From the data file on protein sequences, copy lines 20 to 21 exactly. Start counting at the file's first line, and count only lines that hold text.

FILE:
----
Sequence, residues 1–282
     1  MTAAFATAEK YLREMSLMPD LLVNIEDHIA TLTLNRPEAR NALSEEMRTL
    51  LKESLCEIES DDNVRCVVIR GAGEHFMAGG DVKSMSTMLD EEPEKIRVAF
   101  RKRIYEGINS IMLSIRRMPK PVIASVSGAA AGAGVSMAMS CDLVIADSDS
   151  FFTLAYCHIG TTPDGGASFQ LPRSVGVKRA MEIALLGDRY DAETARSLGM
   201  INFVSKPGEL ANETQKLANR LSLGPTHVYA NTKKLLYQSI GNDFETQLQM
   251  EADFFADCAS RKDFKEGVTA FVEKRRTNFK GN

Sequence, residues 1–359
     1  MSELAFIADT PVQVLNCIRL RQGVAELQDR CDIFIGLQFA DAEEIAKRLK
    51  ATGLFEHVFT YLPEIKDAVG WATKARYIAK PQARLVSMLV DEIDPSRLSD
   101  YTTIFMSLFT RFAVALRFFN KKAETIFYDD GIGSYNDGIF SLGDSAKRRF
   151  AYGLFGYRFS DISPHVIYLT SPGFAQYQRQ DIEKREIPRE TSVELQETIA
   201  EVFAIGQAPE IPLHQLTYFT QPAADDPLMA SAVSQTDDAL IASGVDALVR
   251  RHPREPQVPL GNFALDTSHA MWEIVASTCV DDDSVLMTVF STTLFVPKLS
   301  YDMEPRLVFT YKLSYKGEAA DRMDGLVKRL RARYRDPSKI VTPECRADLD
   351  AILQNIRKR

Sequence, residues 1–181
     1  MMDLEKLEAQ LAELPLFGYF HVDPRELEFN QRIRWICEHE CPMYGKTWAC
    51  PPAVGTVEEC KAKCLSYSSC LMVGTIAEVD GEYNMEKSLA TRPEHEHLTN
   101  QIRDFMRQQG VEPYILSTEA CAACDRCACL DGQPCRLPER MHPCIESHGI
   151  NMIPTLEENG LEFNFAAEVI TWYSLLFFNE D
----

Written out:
   101  QIRDFMRQQG VEPYILSTEA CAACDRCACL DGQPCRLPER MHPCIESHGI
   151  NMIPTLEENG LEFNFAAEVI TWYSLLFFNE D